The systematic construction between the scenes is a bit annoying, as well as the "false" return of Grégoire in the middle, before his "too-much predictable" come-back.

The movie is alright, the directing correct (sometimes great), but it misses something to make it a film I'd like to see again.
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'Vices are without consequence, but ridicule can kill'
gradyharp20 May 2005
RIDICULE deserved all the lavish praise it engendered upon its release in 1996. As a period piece (France in the final throes of King Louis XVI) it is one of the finest - visually, contextually, musically, AND it is wonderfully intelligent! Unlike many period pieces that serve as elegant decoration for meager stories, RIDICULE carries pungent statements about the decline of aristocracy and the whispers of the cause of democracy.

A poor humanitarian travels from the ill swamps of Southern France to the court of Versailles to seek funding from the Royal Court to correct the deplorable living conditions ignored by the King. Upon arrival he finds a vapid society diverting attention from problems that plague the kingdom by inventing word games whose purpose is to find who can is best able to ridicule the fellow shallow players of this verbal chess game. Finding he has the gift to outclass the court with his verbal wit our humanitarian is 'accepted' into nobility and spars with the finest. For a while our humanitarian's focus is diffused by women, duels, and other diversions of the court until he finally regroups his cause and returns to the suffering sector from whence he came...with the ability to correct the conditions at last.

The cast of Director Patrice Laconte's gem is exemplary and includes such fine actors as Charles Berling, Fanny Ardant, Jean Rochefort, Judith Godrèche, Bernard Giraudeau, and the mute role so sensitively performed by Bruno Zanardi (the one constant presence who keeps us reminded of just how absurdly low the court of France has fallen). The costumes by Christian Gasc (especially in the masked ball) are some of the more sumptuous ever created and the musical score by Antoine Duhamel and cinematography by Thierry Arbogast capture the atmosphere of both comedy and underling decay that makes this film so fine.

Truly a film for those who enjoy double entendres and acerbic wit, this film grows better with repeated viewings. In French with English subtitles. Grady Harp
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Malicious Wordplay, and Watch Your Back
Terrell-43 August 2004
Ridicule is a French film which takes place in 1783, a few years before Louis XVI lost the ability to wear a hat; where "...in this country, vices are without consequence, but ridicule can kill." The film is about the effect of wit and word play on people's lives and careers. Malicious, mannered and highly enjoyable. Charles Berling, Jean Rochefort, Bernard Giraudeau and Fanny Ardant are excellent. A man would be a fool not to want to bed Ardant, and even more a fool to trust her. The love affair between Berling and his deep-diving sweetheart is amusing and endearing.

The film is sumptuously mounted. The dialogue is so clever a knowledge of French might be in order, but the English subtitles do a superb job of conveying the witty, cruel, self-serving word play.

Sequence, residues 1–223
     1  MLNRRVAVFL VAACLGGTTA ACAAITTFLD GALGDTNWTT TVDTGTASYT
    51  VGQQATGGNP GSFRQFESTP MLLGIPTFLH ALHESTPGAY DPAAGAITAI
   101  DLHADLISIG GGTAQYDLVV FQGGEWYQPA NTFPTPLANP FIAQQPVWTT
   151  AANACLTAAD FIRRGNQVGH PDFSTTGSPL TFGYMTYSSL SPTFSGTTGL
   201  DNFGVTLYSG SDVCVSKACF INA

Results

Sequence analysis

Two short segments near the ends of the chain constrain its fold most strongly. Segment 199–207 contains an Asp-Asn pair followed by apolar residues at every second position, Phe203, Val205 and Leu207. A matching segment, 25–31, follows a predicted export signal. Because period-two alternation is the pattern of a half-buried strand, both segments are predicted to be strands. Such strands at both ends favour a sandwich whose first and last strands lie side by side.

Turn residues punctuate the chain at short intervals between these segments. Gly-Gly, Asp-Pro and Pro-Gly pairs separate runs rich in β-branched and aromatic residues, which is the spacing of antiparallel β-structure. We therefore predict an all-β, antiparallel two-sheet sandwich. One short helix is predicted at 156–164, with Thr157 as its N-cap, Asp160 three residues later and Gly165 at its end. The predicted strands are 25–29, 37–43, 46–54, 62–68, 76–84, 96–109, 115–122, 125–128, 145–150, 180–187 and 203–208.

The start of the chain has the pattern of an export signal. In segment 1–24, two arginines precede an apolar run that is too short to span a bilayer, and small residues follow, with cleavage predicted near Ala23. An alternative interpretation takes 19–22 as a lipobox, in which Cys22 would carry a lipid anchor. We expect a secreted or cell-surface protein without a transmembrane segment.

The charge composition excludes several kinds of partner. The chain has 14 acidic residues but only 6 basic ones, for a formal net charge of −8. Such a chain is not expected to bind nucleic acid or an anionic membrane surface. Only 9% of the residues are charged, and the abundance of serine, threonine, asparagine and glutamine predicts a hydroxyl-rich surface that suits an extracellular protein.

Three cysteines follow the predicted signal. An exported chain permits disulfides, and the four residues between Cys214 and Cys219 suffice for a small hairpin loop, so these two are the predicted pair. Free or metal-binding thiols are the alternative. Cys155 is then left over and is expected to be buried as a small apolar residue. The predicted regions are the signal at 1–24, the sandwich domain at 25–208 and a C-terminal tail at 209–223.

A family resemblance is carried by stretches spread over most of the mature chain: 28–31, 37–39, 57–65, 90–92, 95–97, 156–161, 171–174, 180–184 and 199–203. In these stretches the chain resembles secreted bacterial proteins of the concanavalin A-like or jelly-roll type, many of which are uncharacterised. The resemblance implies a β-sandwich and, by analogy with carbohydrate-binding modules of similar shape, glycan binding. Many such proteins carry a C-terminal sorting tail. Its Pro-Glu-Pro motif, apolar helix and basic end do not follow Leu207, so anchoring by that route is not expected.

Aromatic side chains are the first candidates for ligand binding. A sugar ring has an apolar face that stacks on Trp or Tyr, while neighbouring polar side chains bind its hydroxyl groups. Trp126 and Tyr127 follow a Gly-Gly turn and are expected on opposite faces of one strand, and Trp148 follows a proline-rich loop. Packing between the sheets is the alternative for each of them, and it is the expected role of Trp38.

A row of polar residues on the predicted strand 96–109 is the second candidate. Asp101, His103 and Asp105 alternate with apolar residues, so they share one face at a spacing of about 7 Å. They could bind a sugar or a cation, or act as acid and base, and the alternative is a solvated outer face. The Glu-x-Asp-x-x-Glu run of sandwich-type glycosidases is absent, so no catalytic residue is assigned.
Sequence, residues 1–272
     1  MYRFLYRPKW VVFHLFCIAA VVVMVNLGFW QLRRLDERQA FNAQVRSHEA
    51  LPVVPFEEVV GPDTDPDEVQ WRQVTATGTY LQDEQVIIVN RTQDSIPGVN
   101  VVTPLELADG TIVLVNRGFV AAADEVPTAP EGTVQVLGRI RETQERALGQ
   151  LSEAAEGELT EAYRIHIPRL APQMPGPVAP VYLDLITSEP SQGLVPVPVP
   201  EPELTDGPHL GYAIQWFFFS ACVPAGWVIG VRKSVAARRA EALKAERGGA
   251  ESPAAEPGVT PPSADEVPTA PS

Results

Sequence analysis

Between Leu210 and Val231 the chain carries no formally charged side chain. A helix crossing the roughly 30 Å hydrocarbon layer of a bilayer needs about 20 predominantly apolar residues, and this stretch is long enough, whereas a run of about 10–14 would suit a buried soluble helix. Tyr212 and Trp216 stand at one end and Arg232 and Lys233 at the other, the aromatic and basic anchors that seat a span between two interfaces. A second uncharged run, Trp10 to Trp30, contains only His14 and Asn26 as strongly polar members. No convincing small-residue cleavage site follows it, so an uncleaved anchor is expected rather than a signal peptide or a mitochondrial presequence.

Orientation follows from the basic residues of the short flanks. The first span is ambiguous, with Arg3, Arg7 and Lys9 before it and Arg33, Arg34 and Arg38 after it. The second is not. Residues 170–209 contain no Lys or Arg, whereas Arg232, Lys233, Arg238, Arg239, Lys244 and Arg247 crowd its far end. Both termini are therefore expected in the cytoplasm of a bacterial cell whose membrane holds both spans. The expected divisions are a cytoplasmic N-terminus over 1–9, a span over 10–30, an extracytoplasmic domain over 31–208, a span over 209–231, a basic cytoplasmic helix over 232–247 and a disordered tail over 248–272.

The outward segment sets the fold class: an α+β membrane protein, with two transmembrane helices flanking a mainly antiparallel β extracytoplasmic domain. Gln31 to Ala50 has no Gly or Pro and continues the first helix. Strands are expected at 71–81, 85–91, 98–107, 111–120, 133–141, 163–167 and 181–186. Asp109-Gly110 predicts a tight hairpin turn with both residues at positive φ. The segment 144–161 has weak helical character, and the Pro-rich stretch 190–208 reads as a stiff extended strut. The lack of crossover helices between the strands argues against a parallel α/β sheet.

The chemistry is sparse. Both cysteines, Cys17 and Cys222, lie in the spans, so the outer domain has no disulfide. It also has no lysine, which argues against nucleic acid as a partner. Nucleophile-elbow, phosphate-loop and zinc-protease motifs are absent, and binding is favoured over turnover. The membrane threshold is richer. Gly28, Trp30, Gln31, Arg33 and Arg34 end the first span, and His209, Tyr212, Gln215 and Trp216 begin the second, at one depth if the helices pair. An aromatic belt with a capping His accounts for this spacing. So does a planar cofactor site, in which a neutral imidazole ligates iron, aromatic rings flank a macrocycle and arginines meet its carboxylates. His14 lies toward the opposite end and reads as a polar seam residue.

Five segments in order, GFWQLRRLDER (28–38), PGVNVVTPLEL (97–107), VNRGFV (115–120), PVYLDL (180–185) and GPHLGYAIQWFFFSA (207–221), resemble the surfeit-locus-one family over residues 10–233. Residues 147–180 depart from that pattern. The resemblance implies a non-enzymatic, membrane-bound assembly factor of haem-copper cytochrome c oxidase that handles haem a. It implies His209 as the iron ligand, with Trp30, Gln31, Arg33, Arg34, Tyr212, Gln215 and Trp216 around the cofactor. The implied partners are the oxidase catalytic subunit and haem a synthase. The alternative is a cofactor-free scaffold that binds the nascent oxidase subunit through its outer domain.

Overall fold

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Cultured rights-of-passage feel-good period melange
johnludley23 April 2004
A period drama set in the world of the salons, cliques where wit or at least an acid tongue rule.

Le Marquis Grégoire Ponceludon de Malavoy comes to court as an idealistic 'nobleman-engineer' hoping to secure royal funding to drain the marshes that afflict the local peasants with malaria.

Redolent of Dangerous Liaisons but with a cause. Gregoire arrives thinking that his cause speaks for itself, is politically educated by the totty's father, shines, engages in the sexual intrigue, gets the girl, saves a bit of the world.

Very, very enjoyable.
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the "virtue of wit" undone only by dignity and love
juancalzetta30 March 2004
A period piece drama, 'Ridicule' unfolds as a man (Le Marquis Grégoire Ponceludon de Malavoy - Charles Berling) tries to assist the desperate and dying people that struggle in the swamps of southern France. What ensues is an enthralling ascent up the ranks of the French court at Versailles by this clever countryman, once dismissed as a backward rustic, in an attempt to consult the kKng.

The name of the game is wit. Aside from the malicious Abbot, the stuffy imbred aristrocrats can hardly keep up with the Malavoy's punishing tongue. Unfortunately, most of the invigorating wordplay of the script is lost in translation. Still, the film is comprehensible and the story holds, though the French is at times delicious.

The women of the movie are well portrayed: a sinister Madame de Blayac intrigues, a lovely Mathilde de Bellegarde enchants.

An 8, all in all. A good story, impressive production detail, persuasive historical recreation, solid script, honest photography. Serious where "Dangerous Liasons" was slight - the details. Plus, the lead women are meticulously rounded and the film's aftertaste speaks substance not sap-opera.
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Witty and fun. A sumptuous feast for the senses.
yossarian10017 February 2004
Ridicule is one of those movies that begs not to be taken seriously, which is rather easy to oblige when one is shown a male's penis as part of a comical introduction to the film. However, it's quite easy to note that the use of witty remarks is almost entirely damaging to someone or everyone so there appears to be a serious social comment in the works. Me? I mostly sat back and enjoyed the show. I got a kick out of the humorous lines, enjoyed the beautiful photography and richly detailed costumes, and delighted in the well above average performances.